The Ahimsa Center at Cal Poly Pomona will be hosting a major international conference on a timely theme, nonviolence and sustainability. A part of the College of Letters, Arts, and Social Sciences at Cal Poly Pomona, The Ahimsa Center is focused on interdisciplinary teaching and learning about nonviolence and its practical applications at various levels: personal, familial, communal, national, and international. Its educational and outreach initiatives facilitate an understanding of ahimsa (nonviolence) as a positive force informing the ways of thinking as well as living.
The center’s fourth international conference on nonviolence will feature wide-ranging scholarships and experiences to illuminate the relationship between ahimsa and sustainability from multiple perspectives.
According to Tara Sethia, founder and director of the center and a professor of history, what we do about ecology and the natural environment largely depends on how we think of ourselves in relation to nature and people around us. “The ecological challenges associated with sustainability are often seen as a warning for an imminent crisis. But these challenges,” Sethia says, “can also be taken as an invitation to reflect on how and what we think of ourselves in the context of our environment, rethink our current ways of living, and marshal the transformative power of nonviolence in building a sustainable future.”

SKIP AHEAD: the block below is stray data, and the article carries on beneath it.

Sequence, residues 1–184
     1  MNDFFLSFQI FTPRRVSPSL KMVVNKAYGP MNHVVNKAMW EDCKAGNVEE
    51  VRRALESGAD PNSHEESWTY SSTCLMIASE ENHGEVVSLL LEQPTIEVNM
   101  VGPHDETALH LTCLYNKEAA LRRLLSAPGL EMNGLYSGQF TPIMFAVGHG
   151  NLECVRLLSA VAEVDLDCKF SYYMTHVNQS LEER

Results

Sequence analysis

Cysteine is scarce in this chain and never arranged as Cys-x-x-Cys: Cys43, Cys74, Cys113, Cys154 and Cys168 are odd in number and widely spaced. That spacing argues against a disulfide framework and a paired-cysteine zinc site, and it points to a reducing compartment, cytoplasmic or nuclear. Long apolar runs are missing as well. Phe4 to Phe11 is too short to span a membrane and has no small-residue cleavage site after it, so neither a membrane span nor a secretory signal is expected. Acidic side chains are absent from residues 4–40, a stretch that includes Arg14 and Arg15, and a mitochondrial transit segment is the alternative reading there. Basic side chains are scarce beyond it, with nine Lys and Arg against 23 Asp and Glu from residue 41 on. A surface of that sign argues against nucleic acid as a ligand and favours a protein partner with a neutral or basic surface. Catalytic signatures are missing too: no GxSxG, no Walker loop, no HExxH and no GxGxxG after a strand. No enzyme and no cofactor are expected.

Ahimsa, she says, is the experience of oneness with others and nature; it connotes reverence for all life.
The conference will explore the significance of nonviolence for sustainability by focusing on issues and topics such as: ahimsa and ecological worldview, ecological interdependence, Gandhian ecology and the environmental movements, the make-up and making of sustainable communities, sustainability in business and professions, innovation and design for sustainability, education for sustainability, waging sustainability through nonviolence.
The roster of speakers features a score of scholars, artists, activists, research and design professionals, and teachers. Some of the highlighted speakers are Christopher Key Chapple, Doshi professor of Indic andcomparative theology at Loyola Marymount University; Mira Kamdar, award-winning author of Planet India: The Turbulent Rise of the Largest Democracy and the Future of Our World; Chandrakant Patel, senior fellow and director of the Sustainable Information Technology Laboratory at Hewlett Packard Labs; Medha Patkar, an environmental and human rights activist who has led the struggle against the controversial Sardar Sarovar Project in Gujarat, India; and Michael Tobias, world-renowned global ecologist, author, filmmaker, and explorer.
Nov. 12-13, 9 a.m.-9 p.m. Cal Poly Pomona Bronco Student Center, Ursa Major, 3801 West Temple Ave., Pomona. $60-$150. (909) 869-3868. firstname.lastname@example.org/~ahimsacenter.